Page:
# Twin-T Active Notch Filter Analysis

Could anyone give me a hint in analyzing the Twin-T Active Notch Filter? I tried a delta-star transform, followed by nodal analysis, but ended up with conflicting equations. For an example, look at Figure 1 from the Texas Instruments application note "An audio circuit collection, part 2":

In the more general example I am studying, I remove C4/C5 and R6/R7 (and that Vcc) and treat the T passive components as matched conductances as follows:

R1 and R2 become Y1, R3 becomes 2Y1, C1 and C2 become Y2, C3 becomes 2Y2, R4 and R5 generic voltage divider with resistances R1 and R2

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This sounds like a question that dsp.stackexchange.com thinks should be on-topic there. What do others think? –  Kellenjb Sep 9 '11 at 17:02
@Kellenjb - It is on-topic here as well, but might get a better response there. If the OP or the DSP guys want it migrated, we can do that - it certainly could deal with a bit more attention. Alternatively, draw up a schematic and upload the image to bump this to the front page where it should get more attention....not sure how it got missed the first time around. –  Kevin Vermeer Oct 8 '11 at 21:09

The Delta-Star transform can be used to analyze the Twin-T network using the following procedure:

1. The two T networks can be converted into twin Delta networks in parallel:
2. Condense these two Delta networks into a single Delta network
3. Convert the resulting Delta network back into a T network.

4. To see the notch behavior of the passive twin T, assume node 2 is tied to ground, and treat the Delta network you got in step 3 as a voltage divider.

You'll find a transfer function of $$H(s) =\frac{s^2 + {\omega_0}^2}{s^2 + 4s\omega_0 + {\omega_0}^2}$$.

5. To see the effect of bootstrapping, assume that node 2 is held at a voltage α*Vout, where α is some scaling factor between 0 and 1. The T-network still acts as a voltage divider, dividing between Vin and α*Vout. To find the behavior of the system, we need to solve the equation $$v_\textrm{out} = \alpha \cdot v_\textrm{out} + H(s) ( v_\textrm{in} - \alpha\cdot v_\textrm{out} )$$, where $H(s)=Z_2/(Z_1 + Z_2)$ is the transfer function without feedback. Doing this, we find a new transfer function: $$G(s) = \frac{1}{(1-\alpha)\frac{1}{H(s)} + \alpha}$$. Note that for $\alpha=0$ (no feedback), we have $G(s)=H(s)$, as expected. For $\alpha=1$, the system becomes unstable. Plotting this function for values of alpha between 0 and 1, we find a huge increase in the Q of the notch.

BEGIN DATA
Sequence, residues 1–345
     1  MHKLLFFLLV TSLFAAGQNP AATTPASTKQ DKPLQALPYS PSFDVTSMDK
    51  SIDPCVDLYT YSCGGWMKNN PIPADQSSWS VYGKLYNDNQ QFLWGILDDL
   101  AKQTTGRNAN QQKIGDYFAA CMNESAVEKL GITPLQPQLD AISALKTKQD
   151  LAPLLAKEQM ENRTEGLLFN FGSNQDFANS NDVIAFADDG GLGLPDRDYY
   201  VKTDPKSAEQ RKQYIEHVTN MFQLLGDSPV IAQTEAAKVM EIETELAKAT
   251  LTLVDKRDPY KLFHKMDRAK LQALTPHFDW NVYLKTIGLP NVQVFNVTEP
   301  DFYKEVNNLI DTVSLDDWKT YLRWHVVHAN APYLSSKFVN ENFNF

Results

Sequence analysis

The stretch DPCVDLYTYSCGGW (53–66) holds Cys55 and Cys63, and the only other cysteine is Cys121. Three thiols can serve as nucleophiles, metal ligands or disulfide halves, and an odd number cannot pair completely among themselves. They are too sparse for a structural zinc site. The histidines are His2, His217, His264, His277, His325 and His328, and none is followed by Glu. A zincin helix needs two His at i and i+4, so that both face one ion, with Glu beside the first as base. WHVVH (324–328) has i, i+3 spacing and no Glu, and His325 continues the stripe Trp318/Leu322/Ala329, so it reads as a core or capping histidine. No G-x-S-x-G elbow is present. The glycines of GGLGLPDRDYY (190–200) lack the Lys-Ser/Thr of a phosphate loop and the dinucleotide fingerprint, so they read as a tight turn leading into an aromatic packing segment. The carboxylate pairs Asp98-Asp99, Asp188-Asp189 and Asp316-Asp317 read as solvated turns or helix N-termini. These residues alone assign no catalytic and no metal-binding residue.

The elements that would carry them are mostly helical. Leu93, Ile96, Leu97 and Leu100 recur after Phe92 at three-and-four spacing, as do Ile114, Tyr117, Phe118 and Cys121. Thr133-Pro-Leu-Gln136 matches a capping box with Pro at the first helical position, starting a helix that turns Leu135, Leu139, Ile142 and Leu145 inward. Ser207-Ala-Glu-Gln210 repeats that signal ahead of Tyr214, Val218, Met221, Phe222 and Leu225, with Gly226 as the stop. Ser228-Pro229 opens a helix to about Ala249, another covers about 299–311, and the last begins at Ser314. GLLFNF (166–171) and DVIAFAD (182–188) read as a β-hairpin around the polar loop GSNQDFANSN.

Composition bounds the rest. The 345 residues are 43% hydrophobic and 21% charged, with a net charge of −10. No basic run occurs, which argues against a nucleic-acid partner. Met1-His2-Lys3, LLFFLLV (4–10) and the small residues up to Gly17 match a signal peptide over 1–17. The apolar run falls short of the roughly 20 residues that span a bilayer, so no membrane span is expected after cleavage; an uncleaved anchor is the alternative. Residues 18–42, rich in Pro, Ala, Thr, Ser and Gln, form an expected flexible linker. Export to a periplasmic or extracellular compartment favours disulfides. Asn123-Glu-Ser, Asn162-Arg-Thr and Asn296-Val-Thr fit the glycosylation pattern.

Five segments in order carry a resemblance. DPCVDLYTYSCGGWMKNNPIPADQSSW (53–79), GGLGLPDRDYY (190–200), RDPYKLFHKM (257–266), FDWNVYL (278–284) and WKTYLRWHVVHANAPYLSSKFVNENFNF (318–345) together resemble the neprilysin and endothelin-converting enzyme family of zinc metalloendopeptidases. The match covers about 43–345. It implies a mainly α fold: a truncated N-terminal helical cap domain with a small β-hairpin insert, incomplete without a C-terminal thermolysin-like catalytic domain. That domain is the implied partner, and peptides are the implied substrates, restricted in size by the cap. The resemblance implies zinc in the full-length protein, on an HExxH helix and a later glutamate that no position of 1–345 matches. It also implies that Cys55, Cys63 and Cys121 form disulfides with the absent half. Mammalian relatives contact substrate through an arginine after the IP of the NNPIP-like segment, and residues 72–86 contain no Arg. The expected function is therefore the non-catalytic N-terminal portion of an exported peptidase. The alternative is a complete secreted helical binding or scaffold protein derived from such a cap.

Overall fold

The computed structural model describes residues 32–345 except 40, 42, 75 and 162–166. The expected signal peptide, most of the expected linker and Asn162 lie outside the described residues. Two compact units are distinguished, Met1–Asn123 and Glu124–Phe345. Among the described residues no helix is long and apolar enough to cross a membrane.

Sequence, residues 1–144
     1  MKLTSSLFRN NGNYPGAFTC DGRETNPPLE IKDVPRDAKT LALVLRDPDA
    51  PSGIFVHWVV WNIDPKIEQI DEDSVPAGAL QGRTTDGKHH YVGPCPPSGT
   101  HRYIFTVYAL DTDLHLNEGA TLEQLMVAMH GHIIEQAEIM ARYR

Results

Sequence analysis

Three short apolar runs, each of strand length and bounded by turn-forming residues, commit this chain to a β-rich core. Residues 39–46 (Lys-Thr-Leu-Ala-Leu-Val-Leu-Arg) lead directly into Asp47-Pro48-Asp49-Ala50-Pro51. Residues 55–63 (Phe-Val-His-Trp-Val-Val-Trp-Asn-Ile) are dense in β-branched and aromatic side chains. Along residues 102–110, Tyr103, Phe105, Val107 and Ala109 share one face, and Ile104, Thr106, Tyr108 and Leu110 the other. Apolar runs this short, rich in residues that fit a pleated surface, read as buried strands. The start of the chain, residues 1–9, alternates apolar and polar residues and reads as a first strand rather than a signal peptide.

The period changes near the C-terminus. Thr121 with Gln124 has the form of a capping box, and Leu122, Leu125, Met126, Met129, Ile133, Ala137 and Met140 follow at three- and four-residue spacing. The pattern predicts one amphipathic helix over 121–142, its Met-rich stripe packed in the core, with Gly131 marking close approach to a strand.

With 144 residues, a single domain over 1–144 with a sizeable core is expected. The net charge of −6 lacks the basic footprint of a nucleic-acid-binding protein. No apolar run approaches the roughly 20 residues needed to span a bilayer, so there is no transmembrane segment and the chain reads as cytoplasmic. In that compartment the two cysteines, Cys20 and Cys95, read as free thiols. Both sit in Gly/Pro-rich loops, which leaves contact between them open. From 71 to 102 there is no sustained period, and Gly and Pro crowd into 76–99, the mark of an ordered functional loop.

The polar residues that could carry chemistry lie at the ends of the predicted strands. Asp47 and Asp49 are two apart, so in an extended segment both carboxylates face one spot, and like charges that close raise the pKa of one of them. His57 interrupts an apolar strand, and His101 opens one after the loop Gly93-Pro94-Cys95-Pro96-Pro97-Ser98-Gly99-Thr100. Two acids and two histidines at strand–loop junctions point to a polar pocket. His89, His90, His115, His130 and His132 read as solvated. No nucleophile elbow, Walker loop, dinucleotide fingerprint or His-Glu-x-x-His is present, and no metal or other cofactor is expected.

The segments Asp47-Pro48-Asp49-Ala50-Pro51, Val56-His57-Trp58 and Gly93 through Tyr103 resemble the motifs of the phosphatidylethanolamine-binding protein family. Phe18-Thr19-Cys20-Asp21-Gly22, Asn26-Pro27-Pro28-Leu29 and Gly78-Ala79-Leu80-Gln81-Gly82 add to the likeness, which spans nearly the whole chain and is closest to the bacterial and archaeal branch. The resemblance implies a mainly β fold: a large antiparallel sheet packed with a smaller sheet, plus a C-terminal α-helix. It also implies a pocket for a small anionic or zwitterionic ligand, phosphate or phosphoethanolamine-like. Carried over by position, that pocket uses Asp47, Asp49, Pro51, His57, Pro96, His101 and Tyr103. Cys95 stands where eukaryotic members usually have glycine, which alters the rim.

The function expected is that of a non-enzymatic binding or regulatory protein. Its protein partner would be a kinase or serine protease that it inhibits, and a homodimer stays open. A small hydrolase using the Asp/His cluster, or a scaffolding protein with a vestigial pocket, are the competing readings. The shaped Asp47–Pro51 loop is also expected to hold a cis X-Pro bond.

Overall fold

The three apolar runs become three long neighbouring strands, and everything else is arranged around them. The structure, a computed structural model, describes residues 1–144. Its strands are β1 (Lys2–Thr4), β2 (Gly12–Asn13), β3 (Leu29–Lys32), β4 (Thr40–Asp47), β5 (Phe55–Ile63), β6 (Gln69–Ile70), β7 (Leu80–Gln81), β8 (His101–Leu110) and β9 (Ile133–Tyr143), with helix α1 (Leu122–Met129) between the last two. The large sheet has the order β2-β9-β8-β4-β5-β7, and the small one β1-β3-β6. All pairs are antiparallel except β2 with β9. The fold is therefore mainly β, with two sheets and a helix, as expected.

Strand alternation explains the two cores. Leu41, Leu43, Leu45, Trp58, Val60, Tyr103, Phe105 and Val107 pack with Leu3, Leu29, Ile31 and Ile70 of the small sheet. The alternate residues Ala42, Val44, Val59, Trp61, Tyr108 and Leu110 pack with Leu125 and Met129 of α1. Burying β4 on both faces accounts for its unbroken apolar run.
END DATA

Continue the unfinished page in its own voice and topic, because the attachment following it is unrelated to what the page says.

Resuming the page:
The resulting transfer function is: $$G(s) =\frac{s^2 + {\omega_0}^2}{s^2 + 4s\omega_0(\alpha - 1) + {\omega_0}^2}$$.

Here's what the frequency response looks like, as the feedback gain $\alpha$ is changed:

The algebra of the various transforms is a bit tedious. I used Mathematica to do it:

(* Define the delta-star and star-delta transforms *)

deltaToStar[{z1_,z2_,z3_}]:={z2 z3, z1 z3, z1 z2}/(z1+z2+z3)
starToDelta[z_]:=1/deltaToStar[1/z]

(* Check the definition *)
deltaToStar[{Ra,Rb,Rc}]

(* Make sure these transforms are inverses of each other *)
starToDelta[deltaToStar[{z1,z2,z3}]]=={z1,z2,z3}//FullSimplify
deltaToStar[starToDelta[{z1,z2,z3}]]=={z1,z2,z3}//FullSimplify

(* Define impedance of a resistor and a capacitor *)
res[R_]:=R
cap[C_]:=1/(s C)

(* Convert the twin T's to twin Delta's *)
starToDelta[{res[R], cap[2C], res[R]}]//FullSimplify
starToDelta[{cap[C], res[R/2], cap[C]}]//FullSimplify

(* Combine in parallel *)
1/(1/% + 1/%%)//FullSimplify

(* Convert back to a T network *)
deltaToStar[%]//FullSimplify

starToVoltageDivider[z_]:=z[[2]]/(z[[1]]+z[[2]])
starToVoltageDivider[%%]//FullSimplify

% /. {s-> I ω, R ->  1/(ω0 C)} // FullSimplify

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The feedback circuit as shown in the TI datasheet shouldn't be that much more complicated, since the output is buffered by U1A and U1B then you could create a similar current source equivalent circuit; instead of R2 and C2 in my first diagram going to ground they would be connected to a voltage source with a value of $Vo*\alpha$, where alpha is the voltage division ratio.